Heavyweight news, delivered by two of the car world’s lightweight stars. Alpine and Lotus have today confirmed plans to play together in the sandbox of electricity—specifically, to develop a fully-electric sports car. Yep, we’re gonna need a bigger—possibly more lightweight—sandbox.
Shared expertise and facilities
The “memorandum of understanding” signed by both companies will utilize not only long words like “comprehensive feasibility” studies, but also the expertise and, crucially, the facilities of both Alpine and Lotus in bringing to life an electric sports car. Top Gear understands the new car will arrive by 2025, slotting in to replace the Alpine A110 once that car has finished its production run. Expect it to be priced accordingly.
“We will focus on doing an exciting car, and then everything will be fine,” Renault boss Luca de Meo said.
Furthermore, both will explore developing a “joint services offer” that combines both companies’ extensive engineering nous, along with leveraging Alpine’s motorsport platform from Formula 1 to Formula E and even endurance racing.
Alpine boss Laurent Rossi said: “Both brands have an amazing legacy and we are most excited to start this work together, from engineering tailored solutions to developing a next-generation EV sports car.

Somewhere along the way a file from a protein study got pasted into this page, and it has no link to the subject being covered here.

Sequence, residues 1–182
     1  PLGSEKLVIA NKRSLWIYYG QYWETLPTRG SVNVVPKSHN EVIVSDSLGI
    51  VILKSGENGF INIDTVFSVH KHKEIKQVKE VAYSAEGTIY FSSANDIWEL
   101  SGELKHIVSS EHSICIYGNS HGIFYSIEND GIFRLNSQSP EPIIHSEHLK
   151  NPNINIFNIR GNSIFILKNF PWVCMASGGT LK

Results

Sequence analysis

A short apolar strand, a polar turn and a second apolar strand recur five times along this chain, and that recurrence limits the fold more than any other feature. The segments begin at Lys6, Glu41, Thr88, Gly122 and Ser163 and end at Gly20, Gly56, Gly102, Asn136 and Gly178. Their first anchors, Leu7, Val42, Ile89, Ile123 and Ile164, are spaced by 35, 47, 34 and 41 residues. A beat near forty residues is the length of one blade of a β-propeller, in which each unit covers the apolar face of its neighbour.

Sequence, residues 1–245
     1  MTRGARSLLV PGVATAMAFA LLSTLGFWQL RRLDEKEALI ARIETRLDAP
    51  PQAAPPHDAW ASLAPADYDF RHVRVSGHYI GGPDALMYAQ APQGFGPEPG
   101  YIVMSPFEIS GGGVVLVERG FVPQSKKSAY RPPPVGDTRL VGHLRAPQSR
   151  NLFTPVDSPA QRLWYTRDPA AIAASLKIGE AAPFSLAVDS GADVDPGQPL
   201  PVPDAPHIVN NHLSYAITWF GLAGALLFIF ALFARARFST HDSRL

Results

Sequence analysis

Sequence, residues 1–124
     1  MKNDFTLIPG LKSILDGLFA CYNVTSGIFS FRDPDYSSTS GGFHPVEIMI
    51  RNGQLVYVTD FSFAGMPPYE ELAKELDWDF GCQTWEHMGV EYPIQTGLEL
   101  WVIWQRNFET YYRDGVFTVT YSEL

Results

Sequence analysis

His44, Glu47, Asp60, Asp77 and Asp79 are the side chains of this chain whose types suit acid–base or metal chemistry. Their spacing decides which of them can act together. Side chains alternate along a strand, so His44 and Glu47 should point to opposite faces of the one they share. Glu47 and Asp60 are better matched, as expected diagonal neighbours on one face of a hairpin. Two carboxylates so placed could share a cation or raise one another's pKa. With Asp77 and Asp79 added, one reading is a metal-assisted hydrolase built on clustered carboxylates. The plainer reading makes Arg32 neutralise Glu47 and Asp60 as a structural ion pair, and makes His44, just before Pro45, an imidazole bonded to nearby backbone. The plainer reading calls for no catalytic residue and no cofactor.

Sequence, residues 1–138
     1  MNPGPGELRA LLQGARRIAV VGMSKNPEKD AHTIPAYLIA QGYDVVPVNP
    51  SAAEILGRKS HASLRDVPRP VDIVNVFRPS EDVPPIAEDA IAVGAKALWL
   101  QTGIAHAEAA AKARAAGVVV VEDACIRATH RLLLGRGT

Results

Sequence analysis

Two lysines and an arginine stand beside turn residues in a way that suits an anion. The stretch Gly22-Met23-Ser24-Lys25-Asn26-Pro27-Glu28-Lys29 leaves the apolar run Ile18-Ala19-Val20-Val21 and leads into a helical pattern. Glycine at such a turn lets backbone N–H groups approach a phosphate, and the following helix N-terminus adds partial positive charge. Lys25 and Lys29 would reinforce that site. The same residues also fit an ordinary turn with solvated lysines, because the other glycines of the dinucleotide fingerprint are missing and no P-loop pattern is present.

A particular focus on F1
“We’re putting F1 at the heart of our business, leveraging our in-house expertise and best-in-class partners such as Lotus to inject our cars with leading-edge performance, technology, and motorization.”
Meanwhile, his counterpart over at Lotus—boss Phil Popham—had this to say: “We are proud to have been selected by Groupe Renault in this collaboration.
“Our companies have much in common, from a pioneering pedigree in lightweighting, to championship-winning sports cars which perform as impressively on the road as they do in the motorsports arena.”
While we await further details, a something to ponder: Just how lightweight will an electric sports car be from two companies famous for their lightweighting? Are they about to electrify and motorize a feather? More as we have it…
NOTE: This article first appeared on TopGear.com. Minor edits have been made.